Cyber attacks and data breaches are on the rise in virtually every industry that utilizes and stores sensitive information to power its operations. However, the healthcare vertical is often particularly vulnerable to a network security lapse, often finding their data loss prevention efforts powerless against the increasingly sophisticated and complex cybercriminal terrain.

Additionally, many healthcare organizations often realize (too late) that the biggest threat to their IT systems isn’t always external hackers; each year, several cybersecurity breaches occur due to both blatant and inadvertent employee misconduct. 

What Are the Best Practices to Maintain Network Security at Your Healthcare Organization

One of the most effective ways to keep your organization’s sensitive data protected at all times is to create a network security checklist across every relevant department and resource. Some essential best practices to consider include:

Implement Password Protocol 

Password requirements can prove an invaluable first line of defense against cybercriminals, making them a must on both computers and mobile devices. Strong passwords are typically at least eight characters and must use a combination of lower and upper case letters, at least one special character, and at least one number. For increased data protection, have users routinely update their passwords. 

Install A Firewall 

Any network connected to the Internet requires a firewall to help prevent unauthorized access and intrusions. Healthcare organizations can opt for a software or hardware firewall version. Once installed, a firewall’s primary function is to carefully inspect each incoming message to ensure its authenticity before allowing it into the network.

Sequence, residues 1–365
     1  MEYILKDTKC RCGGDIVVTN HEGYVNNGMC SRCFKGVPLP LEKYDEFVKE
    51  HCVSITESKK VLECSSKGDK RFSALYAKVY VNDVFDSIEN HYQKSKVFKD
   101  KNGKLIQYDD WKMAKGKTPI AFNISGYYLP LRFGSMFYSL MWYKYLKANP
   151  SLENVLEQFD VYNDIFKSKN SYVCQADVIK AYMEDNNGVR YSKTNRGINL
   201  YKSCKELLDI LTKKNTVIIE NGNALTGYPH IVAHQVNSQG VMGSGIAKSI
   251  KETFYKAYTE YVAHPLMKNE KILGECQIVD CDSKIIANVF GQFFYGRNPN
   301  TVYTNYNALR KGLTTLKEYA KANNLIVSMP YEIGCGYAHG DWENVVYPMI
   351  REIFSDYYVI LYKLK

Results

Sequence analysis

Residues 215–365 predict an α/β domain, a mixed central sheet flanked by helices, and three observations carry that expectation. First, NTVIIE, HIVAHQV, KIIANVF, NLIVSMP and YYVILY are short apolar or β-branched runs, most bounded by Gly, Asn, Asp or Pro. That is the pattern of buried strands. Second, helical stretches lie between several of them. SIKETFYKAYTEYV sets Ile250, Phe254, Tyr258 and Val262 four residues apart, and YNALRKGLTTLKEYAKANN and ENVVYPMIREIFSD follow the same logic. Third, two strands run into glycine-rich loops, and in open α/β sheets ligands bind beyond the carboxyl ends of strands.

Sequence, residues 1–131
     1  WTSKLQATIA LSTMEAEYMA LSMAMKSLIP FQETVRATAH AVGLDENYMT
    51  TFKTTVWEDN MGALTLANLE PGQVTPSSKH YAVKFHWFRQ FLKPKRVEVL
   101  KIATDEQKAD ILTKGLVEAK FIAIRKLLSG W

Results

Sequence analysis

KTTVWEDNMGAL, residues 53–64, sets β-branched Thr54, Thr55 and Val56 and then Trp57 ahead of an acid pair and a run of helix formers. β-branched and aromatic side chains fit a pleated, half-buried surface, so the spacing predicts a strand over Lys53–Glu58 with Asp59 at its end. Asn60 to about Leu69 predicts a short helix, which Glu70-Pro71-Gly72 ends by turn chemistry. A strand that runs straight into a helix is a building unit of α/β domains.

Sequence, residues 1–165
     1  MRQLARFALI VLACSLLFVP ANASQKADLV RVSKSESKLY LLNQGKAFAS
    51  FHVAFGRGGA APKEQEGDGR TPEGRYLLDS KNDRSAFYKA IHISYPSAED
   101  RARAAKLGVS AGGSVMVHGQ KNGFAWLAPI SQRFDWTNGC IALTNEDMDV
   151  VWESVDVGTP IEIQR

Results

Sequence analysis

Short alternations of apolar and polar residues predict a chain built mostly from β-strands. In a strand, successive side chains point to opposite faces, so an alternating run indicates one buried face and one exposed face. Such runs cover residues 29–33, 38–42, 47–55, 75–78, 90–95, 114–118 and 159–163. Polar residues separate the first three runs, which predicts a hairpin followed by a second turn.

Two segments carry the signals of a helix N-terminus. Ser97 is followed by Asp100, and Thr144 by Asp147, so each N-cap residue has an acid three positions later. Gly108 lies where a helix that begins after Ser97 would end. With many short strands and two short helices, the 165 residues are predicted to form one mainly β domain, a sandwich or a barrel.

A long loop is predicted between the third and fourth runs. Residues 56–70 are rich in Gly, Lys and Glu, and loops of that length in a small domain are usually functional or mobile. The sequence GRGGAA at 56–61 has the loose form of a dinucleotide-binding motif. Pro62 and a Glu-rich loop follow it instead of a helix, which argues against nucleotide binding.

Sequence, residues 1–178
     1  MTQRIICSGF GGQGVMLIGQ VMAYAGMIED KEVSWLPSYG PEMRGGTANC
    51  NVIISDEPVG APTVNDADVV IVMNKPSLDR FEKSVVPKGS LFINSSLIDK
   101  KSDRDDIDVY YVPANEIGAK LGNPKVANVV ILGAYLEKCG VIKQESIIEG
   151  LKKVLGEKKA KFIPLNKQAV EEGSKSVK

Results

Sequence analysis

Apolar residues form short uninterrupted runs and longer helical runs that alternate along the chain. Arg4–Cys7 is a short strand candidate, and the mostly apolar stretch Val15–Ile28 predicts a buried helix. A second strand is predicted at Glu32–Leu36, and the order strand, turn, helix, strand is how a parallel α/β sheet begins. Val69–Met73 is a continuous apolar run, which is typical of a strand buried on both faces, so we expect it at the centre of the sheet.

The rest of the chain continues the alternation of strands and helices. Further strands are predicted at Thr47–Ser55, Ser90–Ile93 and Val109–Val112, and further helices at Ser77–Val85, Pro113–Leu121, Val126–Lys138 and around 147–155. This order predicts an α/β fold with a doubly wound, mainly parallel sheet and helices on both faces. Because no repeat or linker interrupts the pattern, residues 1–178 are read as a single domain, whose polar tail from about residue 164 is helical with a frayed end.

Maintain Updated Anti-Virus Software

Many healthcare organizations overlook the current status of their anti-virus software. Cybercriminals are constantly developing and unleashing viruses into the IT networks of healthcare organizations, exploiting any vulnerabilities they come across. Even newer computers and devices can be at risk of a virus due to a previously unknown system compromise, making it vital to maintain updated anti-virus software at all times. 

Restrict Access To Networks and Sensitive Data

Beyond password protections, healthcare organizations should also develop standard practices that limit access to private health information (PHI) based on the need and relevance of every user within the network. An IT specialist or administrator can create an access control list that identifies which individual files should be accessible to specific employees or external system users.

Restrict Access To Devices

Beyond digital assets, healthcare organizations should always have a practice that secures the actual devices used throughout the entire company as well. A lost device or laptop can store countless private files and assets. Keeping a steady inventory of all existing devices in use, as well as their current location, can help a medical company quickly identify when an item has been misplaced or stolen.

Have An Emergency Preparedness Plan

Man made and natural disasters can occur at any time. It’s critical to design an emergency preparedness plan that both backs up sensitive information before an unexpected event and establishes a process for recovering lost assets after it occurs. 

Train Personnel

Many healthcare administrators are surprised to learn that data breaches can occur due to internal staff negligence. While there’s always a chance that an employee will knowingly compromise network security, many security lapses occur simply because staff members didn’t realize they were breaking protocol. In addition to onboarding training, employees should also undergo a diverse range of user education and instruction to help them sustain secure emails and cybersecurity at all times. 

Invest in Vulnerability Threat Management (VTM)

The best way to protect your organization’s and patients’ data is to stay ahead of any system weaknesses and potential threats. Security personnel are prone to human error, and manual processes are limited as a result. With threat and vulnerability assessment protocols, these issues can be detected and reported automatically, saving your organization time, effort, and resources.